Foul odours caused by poor wastewater management can result in a variety of problems for food and beverage companies, explains NCH Europe’s Bernard Daymon.
Imagine that you’re showing a potential client around your food processing plant and they stumble across an area where there is an unsavoury smell. You know it’s not your produce – but they don’t.
Even if they did know that the smell was resulting from organic particulates decomposing inside your grease traps and drains, it could be enough to stop them making a purchase.
That scenario hints at just one reason why proper effluent management is vital for businesses in the UK food and drink processing industry.
Poor effluent management can also have a variety of other negative ramifications for food and beverage manufacturers, including blockages, increased costs and possible fines. Given the amount of sugars, fats, gums, milk, proteins and particles of food making their way into wastewater systems, it’s hardly surprising that there are challenges to overcome.
Poor effluent management can also have a variety of other negative ramifications for food and beverage manufacturers, including blockages, increased costs and possible fines
All these contaminants, along with high levels of biochemical oxygen demand, cause blockages, foul odours and overloads at wastewater plants.
These issues cost businesses money as a result of plant downtime, charges and fines from government or local authorities.
At times of high business activity, there is great pressure on effluent disposal, which can be detrimental to a business if this is not effectively managed.
Current wastewater legislation governs the disposal of all water used in production, washing and cooling facilities. Any business that intends to dispose of effluent is legally required to hold a licence to do so, as well as paying an annual fee, as determined by the levels of contamination in the water.
Many solutions to these issues don’t really help. For instance, trying to clear a grease trap by pumping will not prevent the build up of fats, oils and greases (FOGs) in the drain line. In addition, many biological products used to tackle effluent are dormant, meaning they require many hours to become active; others simply liquefy the waste and move the problem on.
Playing by the rules
This issue is becoming so prevalent that governments and local authorities are introducing stringent requirements regarding waste emitted by businesses into municipal sewers. This is due to the high levels of FOGs and dangerous chemical build-up in sewers that cost local authorities a lot of money to remove before they cause damage to the environment.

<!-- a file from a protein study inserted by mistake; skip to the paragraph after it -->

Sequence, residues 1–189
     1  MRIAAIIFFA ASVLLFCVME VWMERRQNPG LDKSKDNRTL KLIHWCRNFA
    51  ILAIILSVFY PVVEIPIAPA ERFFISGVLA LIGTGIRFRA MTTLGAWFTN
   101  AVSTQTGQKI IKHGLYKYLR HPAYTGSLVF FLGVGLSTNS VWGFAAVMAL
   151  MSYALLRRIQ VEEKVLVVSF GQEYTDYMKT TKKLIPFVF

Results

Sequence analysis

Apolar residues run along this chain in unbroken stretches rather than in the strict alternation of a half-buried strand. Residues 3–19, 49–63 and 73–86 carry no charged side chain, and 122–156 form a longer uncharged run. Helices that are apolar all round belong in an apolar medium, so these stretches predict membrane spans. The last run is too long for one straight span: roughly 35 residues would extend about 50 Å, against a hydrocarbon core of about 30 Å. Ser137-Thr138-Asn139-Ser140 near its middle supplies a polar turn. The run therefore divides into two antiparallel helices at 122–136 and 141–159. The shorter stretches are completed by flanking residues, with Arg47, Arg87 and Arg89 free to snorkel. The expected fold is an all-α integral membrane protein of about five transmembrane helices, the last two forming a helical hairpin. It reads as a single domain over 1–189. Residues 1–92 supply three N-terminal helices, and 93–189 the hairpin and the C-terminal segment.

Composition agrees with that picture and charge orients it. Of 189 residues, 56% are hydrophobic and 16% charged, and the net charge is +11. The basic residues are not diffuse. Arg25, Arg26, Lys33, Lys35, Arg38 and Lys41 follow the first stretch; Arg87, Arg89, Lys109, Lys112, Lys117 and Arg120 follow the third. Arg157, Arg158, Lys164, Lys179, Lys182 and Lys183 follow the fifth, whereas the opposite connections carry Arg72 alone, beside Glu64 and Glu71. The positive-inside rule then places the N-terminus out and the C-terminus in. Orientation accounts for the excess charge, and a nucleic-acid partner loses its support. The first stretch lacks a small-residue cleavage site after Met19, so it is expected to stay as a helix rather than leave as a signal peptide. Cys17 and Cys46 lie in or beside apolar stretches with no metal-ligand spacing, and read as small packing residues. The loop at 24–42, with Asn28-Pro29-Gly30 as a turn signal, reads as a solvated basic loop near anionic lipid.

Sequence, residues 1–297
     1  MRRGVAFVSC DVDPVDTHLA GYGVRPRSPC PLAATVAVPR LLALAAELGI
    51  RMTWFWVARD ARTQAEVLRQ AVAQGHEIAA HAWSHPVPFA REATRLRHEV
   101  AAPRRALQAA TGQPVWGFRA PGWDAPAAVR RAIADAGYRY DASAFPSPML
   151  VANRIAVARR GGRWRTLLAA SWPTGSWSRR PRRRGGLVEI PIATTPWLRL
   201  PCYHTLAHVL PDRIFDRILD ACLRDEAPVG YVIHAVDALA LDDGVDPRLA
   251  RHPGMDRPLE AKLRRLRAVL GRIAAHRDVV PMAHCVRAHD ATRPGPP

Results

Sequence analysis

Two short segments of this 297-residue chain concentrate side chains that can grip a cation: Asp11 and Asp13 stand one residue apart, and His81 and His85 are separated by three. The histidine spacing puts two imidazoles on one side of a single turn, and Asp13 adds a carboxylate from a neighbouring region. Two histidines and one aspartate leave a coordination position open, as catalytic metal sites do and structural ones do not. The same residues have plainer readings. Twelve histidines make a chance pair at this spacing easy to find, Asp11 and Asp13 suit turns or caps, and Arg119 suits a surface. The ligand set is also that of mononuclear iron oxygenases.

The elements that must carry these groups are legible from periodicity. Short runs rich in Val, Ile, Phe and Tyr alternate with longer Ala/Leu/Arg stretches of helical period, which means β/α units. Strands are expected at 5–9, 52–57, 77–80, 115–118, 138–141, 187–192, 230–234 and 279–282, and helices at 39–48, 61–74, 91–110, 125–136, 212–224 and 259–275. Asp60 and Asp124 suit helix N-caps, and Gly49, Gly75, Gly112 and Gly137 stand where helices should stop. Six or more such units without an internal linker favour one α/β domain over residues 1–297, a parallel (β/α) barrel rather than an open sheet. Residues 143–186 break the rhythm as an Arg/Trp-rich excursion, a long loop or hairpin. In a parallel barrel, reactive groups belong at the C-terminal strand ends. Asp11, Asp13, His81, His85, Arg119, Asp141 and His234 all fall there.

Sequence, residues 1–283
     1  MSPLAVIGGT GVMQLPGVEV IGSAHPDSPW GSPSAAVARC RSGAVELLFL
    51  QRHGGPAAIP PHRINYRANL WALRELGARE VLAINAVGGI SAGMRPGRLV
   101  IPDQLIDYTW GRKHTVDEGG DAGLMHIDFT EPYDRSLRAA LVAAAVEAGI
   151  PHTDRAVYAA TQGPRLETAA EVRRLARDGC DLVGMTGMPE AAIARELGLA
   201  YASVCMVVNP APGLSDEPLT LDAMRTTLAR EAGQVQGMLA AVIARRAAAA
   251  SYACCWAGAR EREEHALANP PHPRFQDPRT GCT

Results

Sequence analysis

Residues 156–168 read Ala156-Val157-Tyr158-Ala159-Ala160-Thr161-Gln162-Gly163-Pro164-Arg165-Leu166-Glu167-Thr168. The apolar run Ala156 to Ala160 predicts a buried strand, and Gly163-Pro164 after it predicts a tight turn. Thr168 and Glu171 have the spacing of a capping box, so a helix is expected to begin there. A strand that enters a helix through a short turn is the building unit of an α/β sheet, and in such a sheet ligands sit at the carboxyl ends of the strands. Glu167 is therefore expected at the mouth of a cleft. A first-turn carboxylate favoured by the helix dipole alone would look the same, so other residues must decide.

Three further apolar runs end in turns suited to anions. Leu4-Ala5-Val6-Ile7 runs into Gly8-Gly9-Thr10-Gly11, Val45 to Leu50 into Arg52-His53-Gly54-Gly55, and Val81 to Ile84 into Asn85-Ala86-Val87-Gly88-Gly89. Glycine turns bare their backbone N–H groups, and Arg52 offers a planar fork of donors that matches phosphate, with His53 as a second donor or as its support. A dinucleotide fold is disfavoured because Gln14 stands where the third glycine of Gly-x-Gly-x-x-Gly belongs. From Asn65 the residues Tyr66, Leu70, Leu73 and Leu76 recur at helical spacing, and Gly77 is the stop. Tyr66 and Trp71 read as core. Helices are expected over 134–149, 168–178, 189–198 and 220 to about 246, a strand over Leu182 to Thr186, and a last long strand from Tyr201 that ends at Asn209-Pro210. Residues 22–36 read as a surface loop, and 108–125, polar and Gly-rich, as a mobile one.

However, all of these issues can be easily addressed with live bacteria systems. Using this approach, naturally occurring bacteria is delivered directly into drains, grease traps and lift stations by computer-controlled microbial fermentation units that are installed onsite.
However, all of these issues can be easily addressed with live bacteria systems
The bacteria, which are active as soon as they hit the water, have the ability to easily break down complex carbohydrates, proteins, animal and cooking fats, oils and grease. Drain lines and grease traps can become easily clogged, in turn trapping decomposing waste and causing foul smells.
Filtration technology can also be slow to implement, meaning problems may take much longer to be resolved, resulting in increased odours and potential fines.
Meanwhile, live bacteria systems can be easily integrated with existing wastewater treatment equipment and can function effectively in space-restricted locations.
Such systems can be automatically and remotely controlled, reducing the need for constant surveillance and additional labour costs. It is, however, important to ensure that the bacteria have full National Sanitation Foundation approval for use in and around food processing areas to meet regulatory requirements.
By using an environmentally friendly answer to effluent management, food and drink manufacturers can save money, reduce charges, stop blockages and eliminate the bad smell left by inefficient alternatives.
- Bernard Daymon is chief executive of NCH Europe.